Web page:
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After isolating pandemic year, vaccination of unhoused Oregonians now underway

In the final days of March, the Oregon Health Authority opened up coronavirus vaccine eligibility to more high-risk groups of Oregonians — including people experiencing homelessness.

Health officials and homeless service providers are now teaming up to roll out COVID-19 vaccination to unhoused people, in hopes of overcoming the barriers they face not only to accessing vaccines but to health care in general. The efforts come on the heels of a particularly isolating pandemic year for the homeless community.

“If you look around the city, look around the county, a lot of things are shut down. And unfortunately, that means a lot of programs and services are shut down as well,” Do Good Multnomah’s Eboni Brown told OPB.

Brown works with unhoused Multnomah County residents as director of shelter programming for the nonprofit, which focuses its services on unhoused veterans. She said that with the pandemic, a once-robust list of places people could find meals became drastically shorter. Reduced hours for day services also left unhoused people with more limited time to fulfill their daily needs.

“People that once relied heavily on these services to get a shower, to just get some rest, get some food, are no longer able to access those services,” Brown said. “So we’re seeing a hygiene shortage right now, we’re seeing more food insecurity, and we’re just seeing people be disconnected from the programs and services that they were once a part of.”

As the pandemic exacerbated housing insecurity and pushed people further into poverty and isolation, unhoused people also found themselves more vulnerable to COVID-19 itself. Living in congregate shelters or group outdoor settings such as encampments left them without the same ability to shelter in place or quarantine as their housed neighbors.

Kim Toevs, communicable disease director for Multnomah County, said that a lack of access to medical care put unhoused people at higher risk, too.

“The challenges in accessing health care to be able to manage any chronic diseases … mean that folks who are unhoused on average have a significantly high rate of some of those chronic diseases that make COVID illness much more severe if they do get infected,” Toevs said.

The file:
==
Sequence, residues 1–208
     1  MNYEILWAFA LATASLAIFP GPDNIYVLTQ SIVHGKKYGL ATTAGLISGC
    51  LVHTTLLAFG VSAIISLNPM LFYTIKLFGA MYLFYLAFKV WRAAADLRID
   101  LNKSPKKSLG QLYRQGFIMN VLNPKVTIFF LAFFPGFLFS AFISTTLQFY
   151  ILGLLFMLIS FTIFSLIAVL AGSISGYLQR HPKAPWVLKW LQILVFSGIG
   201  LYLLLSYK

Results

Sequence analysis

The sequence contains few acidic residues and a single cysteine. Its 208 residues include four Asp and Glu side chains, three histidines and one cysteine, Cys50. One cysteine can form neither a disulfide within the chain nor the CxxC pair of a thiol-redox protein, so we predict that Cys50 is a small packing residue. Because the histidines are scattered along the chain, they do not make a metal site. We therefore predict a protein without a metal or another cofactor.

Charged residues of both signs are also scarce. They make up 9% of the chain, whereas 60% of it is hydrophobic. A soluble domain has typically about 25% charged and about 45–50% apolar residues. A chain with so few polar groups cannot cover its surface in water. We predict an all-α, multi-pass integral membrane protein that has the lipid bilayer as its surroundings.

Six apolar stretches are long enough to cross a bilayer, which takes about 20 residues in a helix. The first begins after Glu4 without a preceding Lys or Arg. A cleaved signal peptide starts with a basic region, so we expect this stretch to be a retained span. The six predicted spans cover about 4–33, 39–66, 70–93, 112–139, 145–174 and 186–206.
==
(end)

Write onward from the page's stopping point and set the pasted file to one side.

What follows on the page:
Despite the risks and initial concerns that the coronavirus could devastate the homeless community, Toevs said the county managed to avoid the high rates of COVID-19 amongst unhoused people seen in some other cities during the pandemic’s early months. In addition to “just sheer luck, frankly,” she credited funding for a variety of interventions the county tried, and collaboration with “tons of community partners,” including Do Good Multnomah.

Toevs said homeless outreach workers connected with people living outdoors to dispense masks and hand sanitizer and help bust misconceptions about COVID-19. Portable handwashing stations went up around Portland. Additional shelters opened up so preexisting shelters could create more space for proper distancing.

The county also opened a voluntary isolation motel where unhoused people who did get sick or came in contact with another sick person could safely quarantine. From there, six unused motels were converted into single-room physical distancing shelters for unhoused people at particularly high risk based on factors like their age or underlying health conditions. Three of those motel shelters are operated by Do Good Multnomah.

Do Good Multnomah was also contracted to provide day services at Sandy Studios, an affordable housing complex for formerly unhoused veterans. That complex is now closing and relocating its residents due to poor building conditions, including mold and deteriorating ceilings, long neglected by the building’s owner. Some of Multnomah County’s motel shelters are contracted via the same owner, local hotelier Ganesh Sonpatki. But the city-county Joint Office of Homeless Services is the leaseholder in those contracts, giving the county more freedom to access rooms and quickly handle maintenance issues.

When eligibility for COVID-19 vaccination opened up to Oregonians age 65 and older, Do Good Multnomah hosted vaccine clinics at its three motel shelters for those old enough to qualify. Now that vaccines are available to people experiencing homelessness age 16 and older, more vaccine clinics are being held at congregate shelters, like Transition Projects’ Clark Center Shelter in Southeast Portland, and low barrier health clinics, like Wallace Medical Concern, Cascadia Behavioral Healthcare’s health centers and Outside In.

Speaking with OPB the day vaccine eligibility expanded, Toevs said the county also hoped to bring vaccines to winter shelters before they closed for the season, the C3PO outdoor shelters opened in Portland early on in the pandemic, and to some locations that provide breakfast services to unhoused people. Vaccine pilots started by service providers earlier in March tried different models — walk-in versus by appointment, for instance — that Toevs hoped will inform strategy going forward.